In a Jefferies and CNET poll, creative pros express more negative than positive views about Adobe's new service and pricing, but Adobe says they'll come around. Also: new possibilities with HTML5.
Stephen Shanklandprincipal writer
Stephen Shankland has been a reporter at CNET since 1998 and writes about processors, digital photography, AI, quantum computing, computer science, materials science, supercomputers, drones, browsers, 3D printing, USB, and new computing technology in general. He has a soft spot in his heart for standards groups and I/O interfaces. His first big scoop was about radioactive cat poop.
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Specifically, 41 percent said that they had a negative view of the Creative Cloud compared to 32 percent who expressed a positive view. Beyond that, 62 percent of respondents had a negative view of the price compared to 27 percent who felt positive about it.
Complaining about prices is nothing surprising, but some just don't see how the subscription makes sense. "Rent my software? What if Adobe one day goes bankrupt?" complained one respondent.
Added another: "$600+ per year, every year, instead of about $550 to upgrade every two years? Nearly doubles my Adobe software costs."
But there are fans, too. "Less than my iPhone bill and does so much more for my business," one respondent commented.
Adobe is staying the course, of course. In response to the survey findings, the company had this statement:
We certainly do not expect everyone to choose Creative Cloud. Customers can still purchase Creative Suite, as they have done in the past, and CS6 is shaping up to be a phenomenal release. It should be noted that we heard similar objections -- from customers and media -- when we moved from the point product to suites back in 2003. Now the vast majority of our CS software is sold as part of a suite...We believe customers will see the added value of our new offering when it is available. It will become quickly apparent -- via the continued addition of new products, services, and capabilities -- that Creative Cloud is the best long-term choice for customers.
What is the Creative Cloud?
Before concluding that the negative response means the Creative Cloud is doomed, remember that Adobe still hasn't released full information on it and its other subscription plans. For example, Adobe hasn't shared a price for a month-to-month rate will be available for short-term projects or for those who don't always use the software. The month-to-month rate will be more expensive per month than an annual subscription; the survey showed a general preference for the annual subscription term.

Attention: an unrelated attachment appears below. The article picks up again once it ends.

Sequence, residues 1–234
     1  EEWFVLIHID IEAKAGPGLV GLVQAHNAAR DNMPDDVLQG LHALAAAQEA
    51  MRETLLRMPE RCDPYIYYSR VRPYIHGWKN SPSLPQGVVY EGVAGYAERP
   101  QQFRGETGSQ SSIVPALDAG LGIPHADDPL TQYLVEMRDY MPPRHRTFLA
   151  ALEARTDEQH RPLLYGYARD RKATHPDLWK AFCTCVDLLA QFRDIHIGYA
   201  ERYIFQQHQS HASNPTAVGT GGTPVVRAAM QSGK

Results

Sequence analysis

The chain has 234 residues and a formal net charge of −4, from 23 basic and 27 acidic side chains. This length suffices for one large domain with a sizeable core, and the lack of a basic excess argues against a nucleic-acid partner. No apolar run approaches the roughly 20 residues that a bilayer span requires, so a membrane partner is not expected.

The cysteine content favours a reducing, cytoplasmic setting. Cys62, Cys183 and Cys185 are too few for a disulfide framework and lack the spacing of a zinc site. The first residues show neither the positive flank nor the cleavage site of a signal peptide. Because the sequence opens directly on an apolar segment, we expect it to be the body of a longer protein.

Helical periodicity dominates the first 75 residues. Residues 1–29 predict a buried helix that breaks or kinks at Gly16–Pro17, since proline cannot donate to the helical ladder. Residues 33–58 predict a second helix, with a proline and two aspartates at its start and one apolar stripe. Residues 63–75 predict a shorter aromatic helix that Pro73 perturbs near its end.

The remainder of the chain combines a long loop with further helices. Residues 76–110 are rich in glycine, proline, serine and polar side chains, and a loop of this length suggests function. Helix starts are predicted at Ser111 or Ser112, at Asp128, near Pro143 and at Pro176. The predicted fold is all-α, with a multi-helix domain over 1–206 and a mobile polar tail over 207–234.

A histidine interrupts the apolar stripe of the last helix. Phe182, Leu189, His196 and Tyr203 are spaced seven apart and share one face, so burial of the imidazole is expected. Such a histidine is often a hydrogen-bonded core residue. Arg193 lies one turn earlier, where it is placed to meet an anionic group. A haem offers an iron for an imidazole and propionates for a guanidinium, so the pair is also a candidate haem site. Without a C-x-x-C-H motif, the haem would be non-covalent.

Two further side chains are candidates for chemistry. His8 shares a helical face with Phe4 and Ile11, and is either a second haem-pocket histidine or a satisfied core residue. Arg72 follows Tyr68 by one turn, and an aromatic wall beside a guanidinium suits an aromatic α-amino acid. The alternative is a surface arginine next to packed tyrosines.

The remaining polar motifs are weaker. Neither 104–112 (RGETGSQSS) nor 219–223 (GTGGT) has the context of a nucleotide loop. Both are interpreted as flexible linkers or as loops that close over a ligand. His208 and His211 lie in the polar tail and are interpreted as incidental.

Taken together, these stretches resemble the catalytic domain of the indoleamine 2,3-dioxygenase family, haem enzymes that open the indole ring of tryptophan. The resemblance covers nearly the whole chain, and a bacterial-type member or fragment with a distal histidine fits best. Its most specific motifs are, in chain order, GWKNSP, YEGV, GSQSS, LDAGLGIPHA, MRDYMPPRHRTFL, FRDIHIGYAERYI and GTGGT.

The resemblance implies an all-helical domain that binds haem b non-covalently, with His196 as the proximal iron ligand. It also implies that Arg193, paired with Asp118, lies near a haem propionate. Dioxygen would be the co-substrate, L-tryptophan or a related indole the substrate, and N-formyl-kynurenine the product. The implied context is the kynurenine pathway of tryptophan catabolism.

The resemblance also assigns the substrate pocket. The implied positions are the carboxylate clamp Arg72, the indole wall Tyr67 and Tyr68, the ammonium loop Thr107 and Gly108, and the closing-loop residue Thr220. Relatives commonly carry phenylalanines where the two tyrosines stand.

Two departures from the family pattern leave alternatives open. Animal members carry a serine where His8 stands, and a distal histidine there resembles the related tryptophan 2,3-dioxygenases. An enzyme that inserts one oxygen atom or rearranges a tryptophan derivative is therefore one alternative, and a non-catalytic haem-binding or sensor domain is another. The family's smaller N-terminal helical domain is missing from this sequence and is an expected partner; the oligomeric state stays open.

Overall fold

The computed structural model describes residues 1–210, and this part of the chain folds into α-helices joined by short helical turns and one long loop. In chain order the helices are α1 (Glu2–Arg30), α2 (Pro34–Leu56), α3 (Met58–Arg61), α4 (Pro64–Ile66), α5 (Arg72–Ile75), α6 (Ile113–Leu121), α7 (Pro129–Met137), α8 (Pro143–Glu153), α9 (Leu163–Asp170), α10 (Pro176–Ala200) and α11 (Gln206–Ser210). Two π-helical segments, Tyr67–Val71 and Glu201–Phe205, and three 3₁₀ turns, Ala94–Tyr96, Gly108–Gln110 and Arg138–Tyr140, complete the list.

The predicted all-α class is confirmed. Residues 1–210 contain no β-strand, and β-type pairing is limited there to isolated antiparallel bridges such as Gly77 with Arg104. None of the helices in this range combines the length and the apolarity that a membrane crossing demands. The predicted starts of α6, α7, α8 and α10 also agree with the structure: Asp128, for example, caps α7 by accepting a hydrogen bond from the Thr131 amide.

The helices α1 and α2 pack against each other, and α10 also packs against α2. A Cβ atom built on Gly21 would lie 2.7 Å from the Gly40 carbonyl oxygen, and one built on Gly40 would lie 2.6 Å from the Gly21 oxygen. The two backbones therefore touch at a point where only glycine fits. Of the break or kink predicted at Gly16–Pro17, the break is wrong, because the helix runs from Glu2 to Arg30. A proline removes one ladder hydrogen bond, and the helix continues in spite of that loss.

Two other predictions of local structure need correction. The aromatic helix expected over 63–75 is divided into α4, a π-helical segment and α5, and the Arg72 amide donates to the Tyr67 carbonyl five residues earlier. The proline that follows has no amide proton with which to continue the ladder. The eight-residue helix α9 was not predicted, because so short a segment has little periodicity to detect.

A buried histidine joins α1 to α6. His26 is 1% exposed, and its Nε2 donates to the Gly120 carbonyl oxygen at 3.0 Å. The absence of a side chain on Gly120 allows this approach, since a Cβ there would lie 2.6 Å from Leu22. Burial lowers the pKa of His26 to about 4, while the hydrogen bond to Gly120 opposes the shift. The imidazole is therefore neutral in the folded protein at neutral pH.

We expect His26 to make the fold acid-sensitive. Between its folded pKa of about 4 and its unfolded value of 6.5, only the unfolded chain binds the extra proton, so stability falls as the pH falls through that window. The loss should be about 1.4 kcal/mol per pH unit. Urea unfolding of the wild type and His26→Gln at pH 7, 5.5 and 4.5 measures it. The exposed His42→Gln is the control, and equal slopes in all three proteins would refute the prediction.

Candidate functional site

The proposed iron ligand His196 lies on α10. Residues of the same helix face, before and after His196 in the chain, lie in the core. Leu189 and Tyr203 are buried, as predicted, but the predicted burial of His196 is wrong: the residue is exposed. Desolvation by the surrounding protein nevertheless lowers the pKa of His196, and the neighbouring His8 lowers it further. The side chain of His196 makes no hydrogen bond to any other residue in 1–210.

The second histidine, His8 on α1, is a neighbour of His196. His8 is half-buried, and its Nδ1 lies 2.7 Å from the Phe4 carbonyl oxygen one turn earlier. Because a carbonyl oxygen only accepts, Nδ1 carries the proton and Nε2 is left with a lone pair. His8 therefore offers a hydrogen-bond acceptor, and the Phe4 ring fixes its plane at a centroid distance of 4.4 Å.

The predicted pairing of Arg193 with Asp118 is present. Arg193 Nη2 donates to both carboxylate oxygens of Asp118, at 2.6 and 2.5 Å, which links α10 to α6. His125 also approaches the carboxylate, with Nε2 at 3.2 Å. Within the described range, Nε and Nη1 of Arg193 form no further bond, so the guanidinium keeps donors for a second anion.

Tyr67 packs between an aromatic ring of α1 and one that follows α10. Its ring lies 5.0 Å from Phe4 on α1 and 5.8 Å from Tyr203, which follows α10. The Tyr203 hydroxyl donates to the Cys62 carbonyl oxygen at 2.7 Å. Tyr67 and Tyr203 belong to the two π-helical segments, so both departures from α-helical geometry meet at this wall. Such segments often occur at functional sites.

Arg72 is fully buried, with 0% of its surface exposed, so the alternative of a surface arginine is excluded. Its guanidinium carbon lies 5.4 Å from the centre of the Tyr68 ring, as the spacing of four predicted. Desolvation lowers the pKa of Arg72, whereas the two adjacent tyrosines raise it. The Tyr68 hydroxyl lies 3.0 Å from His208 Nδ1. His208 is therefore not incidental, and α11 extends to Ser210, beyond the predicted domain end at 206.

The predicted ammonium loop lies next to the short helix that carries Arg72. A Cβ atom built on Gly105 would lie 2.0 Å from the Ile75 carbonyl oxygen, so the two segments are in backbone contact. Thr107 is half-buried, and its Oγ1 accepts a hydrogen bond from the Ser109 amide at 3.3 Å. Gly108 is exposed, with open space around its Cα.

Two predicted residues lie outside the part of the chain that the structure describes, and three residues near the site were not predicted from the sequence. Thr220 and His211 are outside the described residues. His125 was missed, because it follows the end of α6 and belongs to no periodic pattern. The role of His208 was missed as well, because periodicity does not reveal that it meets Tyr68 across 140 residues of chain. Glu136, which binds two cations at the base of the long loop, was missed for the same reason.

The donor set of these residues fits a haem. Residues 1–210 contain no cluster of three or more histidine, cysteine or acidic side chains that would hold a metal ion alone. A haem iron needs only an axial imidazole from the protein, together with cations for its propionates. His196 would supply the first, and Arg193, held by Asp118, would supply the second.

Another unknown is how much Adobe will charge for subscriptions for individual products, not the full Creative Cloud collection. In February, Scott Morris, senior director of product marketing on Adobe's digital media team, said product subscription prices will be "very attractive." Adobe also hasn't detailed the pricing for traditional Creative Suite licenses.
And the Creative Cloud still is new to many potential customers.
"Given some of the confusion around key aspects of the Creative Cloud, we conclude that it is too early to make a call on the solution's potential success," concluded Jefferies analysts Ross MacMillan and Sonya Banerjee in a report today.
Here's what Adobe has said the Creative Cloud includes so far:
• The full Master Collection of the Creative Suite products such as Photoshop, Illustrator, InDesign, Premiere Pro, After Effects, Flash Pro, and Dreamweaver. The software still runs on a person's computer, with occasional Internet check-ins to see if the license is still paid up.
• New software features that arrive as they're done rather than waiting for a full new CS release.
• The full collection of Touch apps for iOS and Android tablets, such as Photoshop Touch, Ideas, Proto, and Kuler.
• Lightroom for photo editing and cataloging.
• Online services including 20GB of space to sync files across multiple computers a la Dropbox; use of TypeKit Web fonts on Web sites; and use of Adobe's Business Catalyst service for hosting Web sites.
• An online social-network community to let people share files, comment on each other's work, and follow each other's activity.
It's also possible Adobe will add more features to the Creative Cloud. With online services and software that's updated when features are done, Adobe appears to moving to a more continuously updated set of products rather than software that undergoes a massive changes only every year and a half or two years.
Web standards arrive
The company is trying to tap into these new Web standards, in part by offering tools such as Edge and Muse for nonprogrammers. So how well is the company doing?
For 41 percent of respondents, the Web standards haven't affected their use of Adobe tools. But 31 percent said they're using Adobe tools less, compared to 12 percent who said they're using them more.
That result indicates there's more convincing to be done in this part of Adobe's transition, too.
However, Adobe has some breathing room at least among some customers -- 35 percent said Web standards are useful but not yet ready to replace Flash. The bad news for Adobe is that 40 percent said the standards are mature enough to do so, and only 9 percent said they still need Flash.
But first, Adobe must deliver its tools, and the Creative Cloud it hopes will be the vehicle for that delivery.
There's a lag between what Adobe is up to and broad recognition of that new reality. So take these results with a grain of salt. But don't discount them altogether.
Updated 8:32 a.m. PTto clarify that Adobe Edge is for both designers and developers.